Hamilton blames engine limit for early end to Vettel fight

Lewis Hamilton says he is already driving with Formula 1’s new engine limit in mind after backing off in the Australian Grand Prix to protect his Mercedes power unit.

Hamilton blames engine limit for early end to Vettel fight
Lewis Hamilton, Mercedes-AMG F1 W09 EQ Power+
Lewis Hamilton, Mercedes-AMG F1 celebrates on the podium
Sebastian Vettel, Ferrari SF71H leads Lewis Hamilton, Mercedes-AMG F1 W09
Sebastian Vettel, Ferrari SF71H, Lewis Hamilton, Mercedes AMG F1 W09
Sebastian Vettel, Ferrari SF71H leads Lewis Hamilton, Mercedes-AMG F1 W09
Lewis Hamilton, Mercedes AMG F1 W09
Lewis Hamilton, Mercedes-AMG F1 W09
Lewis Hamilton, Mercedes-AMG F1 W09 EQ Power+

The four-time champion suffered from his engine overheating, the same problem that afflicted teammate Valtteri Bottas, while chasing eventual race winner Sebastian Vettel in Melbourne.

Hamilton said he wanted to push to the end but did not because he was nervous as teams must now complete the season with just three engines, instead of four.

“The engine was overheating, and I’ve got to do seven races with this engine, preferably more if I can,” he explained. “I was on the limiter, and I was too hot, but I was pushing.

“So, I was nervous of damaging the engine at the same time.

“I just thought [near the end] I couldn’t get him in those other laps, my tyres are going to be worse than now, I’m driving right now at 110 percent, I’m risking everything just for that seven points.

"I should probably sit back, save my engine, and use the life of it for the next ones. That goes against my spirit of racing, because I want to race right down to the last line.

“[I am] fit enough, I felt good, but the way this sport is set up with fuel saving and all these different things, three engines, you have to think about that and back off.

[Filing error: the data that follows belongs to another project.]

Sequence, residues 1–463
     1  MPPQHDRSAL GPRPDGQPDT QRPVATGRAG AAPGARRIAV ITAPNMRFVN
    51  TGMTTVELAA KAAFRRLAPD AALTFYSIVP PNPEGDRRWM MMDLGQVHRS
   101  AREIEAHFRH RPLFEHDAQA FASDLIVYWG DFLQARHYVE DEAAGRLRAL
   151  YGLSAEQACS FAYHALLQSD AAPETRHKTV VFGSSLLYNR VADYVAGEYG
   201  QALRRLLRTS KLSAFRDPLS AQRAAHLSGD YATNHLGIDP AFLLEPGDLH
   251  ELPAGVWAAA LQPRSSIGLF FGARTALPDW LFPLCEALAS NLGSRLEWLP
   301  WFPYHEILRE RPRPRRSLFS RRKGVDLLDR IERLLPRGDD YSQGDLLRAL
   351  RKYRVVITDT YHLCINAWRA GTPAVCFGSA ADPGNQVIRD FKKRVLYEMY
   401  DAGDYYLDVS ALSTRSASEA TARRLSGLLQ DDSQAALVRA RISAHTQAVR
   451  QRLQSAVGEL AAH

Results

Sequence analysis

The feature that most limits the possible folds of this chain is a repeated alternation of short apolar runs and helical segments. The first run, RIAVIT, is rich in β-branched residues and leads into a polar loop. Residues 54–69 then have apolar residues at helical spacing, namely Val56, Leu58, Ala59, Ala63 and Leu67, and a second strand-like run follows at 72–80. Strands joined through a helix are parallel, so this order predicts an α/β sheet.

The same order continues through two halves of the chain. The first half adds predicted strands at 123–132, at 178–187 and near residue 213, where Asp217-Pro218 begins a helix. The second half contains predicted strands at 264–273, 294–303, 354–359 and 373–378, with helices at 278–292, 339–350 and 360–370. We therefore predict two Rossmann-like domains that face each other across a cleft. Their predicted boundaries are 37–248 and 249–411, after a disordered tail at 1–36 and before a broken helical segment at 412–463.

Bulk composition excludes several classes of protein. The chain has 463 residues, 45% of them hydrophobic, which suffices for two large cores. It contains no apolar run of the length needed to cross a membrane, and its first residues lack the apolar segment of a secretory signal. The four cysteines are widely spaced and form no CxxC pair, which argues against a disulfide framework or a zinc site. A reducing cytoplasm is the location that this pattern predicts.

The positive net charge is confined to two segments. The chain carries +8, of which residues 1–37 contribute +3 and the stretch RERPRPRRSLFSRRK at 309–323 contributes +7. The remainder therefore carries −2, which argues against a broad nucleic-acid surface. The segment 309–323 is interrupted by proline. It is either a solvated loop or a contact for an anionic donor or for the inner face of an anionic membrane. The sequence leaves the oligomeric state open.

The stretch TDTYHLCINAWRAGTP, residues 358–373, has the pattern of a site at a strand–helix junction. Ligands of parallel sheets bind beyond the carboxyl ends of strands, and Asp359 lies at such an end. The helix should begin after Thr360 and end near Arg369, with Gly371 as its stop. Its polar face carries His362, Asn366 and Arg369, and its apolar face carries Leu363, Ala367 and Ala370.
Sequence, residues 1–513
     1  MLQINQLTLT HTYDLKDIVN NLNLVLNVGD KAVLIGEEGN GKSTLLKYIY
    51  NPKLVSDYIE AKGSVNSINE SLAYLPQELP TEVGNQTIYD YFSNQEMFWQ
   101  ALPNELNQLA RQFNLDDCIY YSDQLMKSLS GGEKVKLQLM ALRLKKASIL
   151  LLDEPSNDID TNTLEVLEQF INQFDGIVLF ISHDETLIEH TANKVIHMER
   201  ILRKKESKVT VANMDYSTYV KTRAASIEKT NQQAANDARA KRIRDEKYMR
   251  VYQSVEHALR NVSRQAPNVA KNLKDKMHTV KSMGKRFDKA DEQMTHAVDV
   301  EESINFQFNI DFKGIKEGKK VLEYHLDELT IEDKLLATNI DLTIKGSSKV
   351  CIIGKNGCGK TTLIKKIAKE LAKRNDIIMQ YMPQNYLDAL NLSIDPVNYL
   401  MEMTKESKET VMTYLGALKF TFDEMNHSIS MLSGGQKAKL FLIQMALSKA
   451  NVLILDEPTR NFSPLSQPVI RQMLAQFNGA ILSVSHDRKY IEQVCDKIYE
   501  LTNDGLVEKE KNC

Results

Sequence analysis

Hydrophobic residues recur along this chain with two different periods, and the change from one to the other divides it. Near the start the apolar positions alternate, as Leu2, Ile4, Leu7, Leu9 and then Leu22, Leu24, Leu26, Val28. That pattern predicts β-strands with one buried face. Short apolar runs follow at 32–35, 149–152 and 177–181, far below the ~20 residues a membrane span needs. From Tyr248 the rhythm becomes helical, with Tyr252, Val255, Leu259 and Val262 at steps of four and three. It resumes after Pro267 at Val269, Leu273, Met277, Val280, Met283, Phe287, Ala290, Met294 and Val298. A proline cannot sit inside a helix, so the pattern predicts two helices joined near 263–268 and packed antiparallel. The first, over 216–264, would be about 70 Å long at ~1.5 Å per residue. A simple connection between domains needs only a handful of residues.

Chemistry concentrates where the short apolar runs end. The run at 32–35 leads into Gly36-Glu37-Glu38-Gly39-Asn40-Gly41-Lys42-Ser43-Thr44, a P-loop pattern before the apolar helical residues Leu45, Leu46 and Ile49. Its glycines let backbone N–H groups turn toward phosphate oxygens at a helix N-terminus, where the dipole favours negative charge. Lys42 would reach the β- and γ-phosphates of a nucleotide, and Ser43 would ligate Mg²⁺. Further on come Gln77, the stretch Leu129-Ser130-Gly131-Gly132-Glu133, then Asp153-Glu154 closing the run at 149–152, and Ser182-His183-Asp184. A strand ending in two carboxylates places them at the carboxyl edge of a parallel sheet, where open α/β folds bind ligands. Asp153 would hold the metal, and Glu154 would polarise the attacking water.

“So, it’s probably not exciting for the fans to have seen, because they probably wanted to have seen it to the end.

“But I want to finish my season on those three engines, I don’t want to have to have a fourth.”

Hamilton explained that his mid-race radio communication, in which he said he needed to know how much his team wanted to win, was born over frustration of not knowing if he was allowed to push.

“Communication is something we’re going to obviously try and work on,” he said.

“I was like, ‘Can I fight, can I go?’ And they were taking their time.  So, I was like, I’m going for it, and I gave it everything in that moment.”

As Hamilton bid to repass Vettel, who had got ahead thanks to a fortunately-timed virtual safety car, the reigning world champion made a mistake and went off-track slightly at Turn 9.

“I was quite close behind him in his tow, just locked the right front, didn’t make the corner,” said Hamilton. “After that I was catching again, but in trying to catch up, temperatures were again on the limit, so [I was] constantly being pushed and pulled.

“I was able to manoeuvre the car and get relatively close. It was like [two of the same poles of] a magnet, you can’t get the magnet past a certain region. That’s how it was.

“I was able to follow a lot closer than I remember in the past, but I couldn’t get any closer than that.”

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